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Saturday, December 25, 2010

Merry Christmas

Nicole and I have enjoyed a busy twenty-four hours. Last night, Christmas Eve, "Dr. Paul" from Nicole's NGO had us over to his soon-to-be in-laws for dinner and festivities. And by "festivities," I mean me dressed up as Santa Claus. Talk about elaborate. During the day Dr. Paul told the gang that I was sick and that "Madame Nicole" would be by herself. I arrived fifteen minutes later than they did--ever killed fifteen minutes in Beirut while dressed as Santa?--and everybody was pretty shocked. Ahead of time, Dr. Paul had instructed me not to speak, since English would give away that I was Madame Nicole's husband. He also explained that "ho ho ho" sounds too American so he taught me a more gutteral version that sounded like the coughs of a sick animal. So Dr. Paul's nieces and nephews, excited to see Santa, were met with me, speechless, gesturing elaborately, giving hugs, and posing for pictures with every possible combination of family members--me (Santa) and the kids, me and the adults, me and the housekeepers, etc. And all the while, I in my Santa outfit said nothing, making the coughing noises that I had been taught. Were the kids scared? Yes, a little bit.

Eventually I took my leave, changed back into civilian clothes, and showed up at the in-laws' place, explaining that I felt better and took a taxi over to join everybody. For the second time, we got to speak Spanish in the Middle East. One of the sisters-in-law is from Puerto Rico. I've said it before and I'll say it again. The Lebanese love to party. At one point, I had a glass of water in front of me and the father-in-law (went to AUB and speaks great English) called over a housekeeper and said, "Get that water out of here!," instructing her to replace it with another glass of wine. We had a good time. Dinner didn't start until about 10:30, and consisted of turkey with the usual trimmings, roast beef with the usual trimmings, zaatar and cheese pies along with hummus and tabbouli, a big tray of deli meats, a big tray of fancy cheeses, and loads of desserts. Nothing like the world's most humongous meal, consumed during the witching hour. Definitely was nice to celebrate family style. The NGO is already sad, anticipating Nicole's departure next summer.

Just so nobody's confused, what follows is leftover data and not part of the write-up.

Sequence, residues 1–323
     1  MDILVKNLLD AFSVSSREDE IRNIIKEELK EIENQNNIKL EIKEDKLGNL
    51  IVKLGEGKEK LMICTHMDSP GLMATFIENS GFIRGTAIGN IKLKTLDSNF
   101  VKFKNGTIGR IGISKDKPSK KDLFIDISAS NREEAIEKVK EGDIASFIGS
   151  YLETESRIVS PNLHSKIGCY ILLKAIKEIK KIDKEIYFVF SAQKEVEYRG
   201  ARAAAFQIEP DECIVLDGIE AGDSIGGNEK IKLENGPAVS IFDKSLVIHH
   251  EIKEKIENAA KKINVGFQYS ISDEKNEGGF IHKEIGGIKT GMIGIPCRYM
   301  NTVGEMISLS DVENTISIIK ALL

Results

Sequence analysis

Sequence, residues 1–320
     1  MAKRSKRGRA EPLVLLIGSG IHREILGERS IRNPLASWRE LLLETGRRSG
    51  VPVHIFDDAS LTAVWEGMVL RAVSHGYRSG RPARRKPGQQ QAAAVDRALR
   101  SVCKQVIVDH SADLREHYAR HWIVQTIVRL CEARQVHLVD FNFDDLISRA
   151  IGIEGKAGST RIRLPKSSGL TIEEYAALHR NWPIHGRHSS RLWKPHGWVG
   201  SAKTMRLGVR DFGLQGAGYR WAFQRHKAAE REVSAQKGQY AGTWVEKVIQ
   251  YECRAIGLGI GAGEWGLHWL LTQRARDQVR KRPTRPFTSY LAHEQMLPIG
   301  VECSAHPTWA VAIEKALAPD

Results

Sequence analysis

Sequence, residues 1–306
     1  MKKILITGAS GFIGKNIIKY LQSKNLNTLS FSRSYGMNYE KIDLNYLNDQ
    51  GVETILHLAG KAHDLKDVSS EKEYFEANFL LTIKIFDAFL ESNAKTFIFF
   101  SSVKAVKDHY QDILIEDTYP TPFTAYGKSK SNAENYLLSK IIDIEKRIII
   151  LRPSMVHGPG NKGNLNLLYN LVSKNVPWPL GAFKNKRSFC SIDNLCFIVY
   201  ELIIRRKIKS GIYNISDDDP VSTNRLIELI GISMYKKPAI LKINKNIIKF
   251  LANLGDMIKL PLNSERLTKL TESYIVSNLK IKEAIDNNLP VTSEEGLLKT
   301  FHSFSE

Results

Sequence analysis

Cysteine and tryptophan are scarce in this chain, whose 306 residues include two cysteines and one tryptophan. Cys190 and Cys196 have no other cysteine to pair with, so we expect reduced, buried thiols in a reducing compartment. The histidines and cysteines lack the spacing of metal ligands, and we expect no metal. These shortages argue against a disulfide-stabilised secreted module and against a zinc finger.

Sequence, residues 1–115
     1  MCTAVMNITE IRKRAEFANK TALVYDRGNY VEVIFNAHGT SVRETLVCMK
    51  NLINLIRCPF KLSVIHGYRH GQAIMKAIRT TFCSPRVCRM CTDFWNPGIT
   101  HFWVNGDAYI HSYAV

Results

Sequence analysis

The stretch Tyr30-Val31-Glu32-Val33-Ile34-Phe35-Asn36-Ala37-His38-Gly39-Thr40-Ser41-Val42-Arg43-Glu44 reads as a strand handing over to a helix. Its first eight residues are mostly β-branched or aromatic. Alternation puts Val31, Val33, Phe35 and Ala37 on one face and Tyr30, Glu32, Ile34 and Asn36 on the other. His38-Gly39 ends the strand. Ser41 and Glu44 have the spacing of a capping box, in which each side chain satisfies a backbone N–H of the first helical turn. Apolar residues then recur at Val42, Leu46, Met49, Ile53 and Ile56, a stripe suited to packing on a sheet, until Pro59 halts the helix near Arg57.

Today was round two of holiday cheer. Several of my colleagues from the English Department, and two of my graduate students came over to our place today for brunch. I cooked pasta with olive oil and garlic (a Christmas Eve tradition, shuffled to Christmas Day), picked up some spinach pies at Snack Faysal down the block, and we ate outside on the balcony. One of the grad students is applying to my old doctoral program and I hope my letter of recommendation doesn't weaken his application too much. Kidding. The other teaches Chinese at AUB and is taking English grad classes to strengthen his own written English and learn more about linguistics and rhetoric. Cool guy.

Now, it's all about packing. We fly to Egypt at 5:00 a.m. tomorrow, so we're looking at a middle-of-the-night taxi to Beirut airport. We'll be offline for a week or so, checking out pyramids and such. I thought I'd never take a cruise but I've made an exception for the Nile, as an homage to Agatha Christie. See you all in the New Year. Come back to the blog on January 2 everybody.

Christmas Pictures Here

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